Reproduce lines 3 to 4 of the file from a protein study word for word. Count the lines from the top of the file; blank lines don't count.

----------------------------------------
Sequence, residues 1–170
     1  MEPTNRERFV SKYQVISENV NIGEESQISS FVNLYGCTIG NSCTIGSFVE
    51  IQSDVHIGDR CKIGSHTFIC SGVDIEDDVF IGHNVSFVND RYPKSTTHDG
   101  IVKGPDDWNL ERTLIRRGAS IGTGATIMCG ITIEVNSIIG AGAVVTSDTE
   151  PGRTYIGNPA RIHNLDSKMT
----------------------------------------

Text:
    51  IQSDVHIGDR CKIGSHTFIC SGVDIEDDVF IGHNVSFVND RYPKSTTHDG
   101  IVKGPDDWNL ERTLIRRGAS IGTGATIMCG ITIEVNSIIG AGAVVTSDTE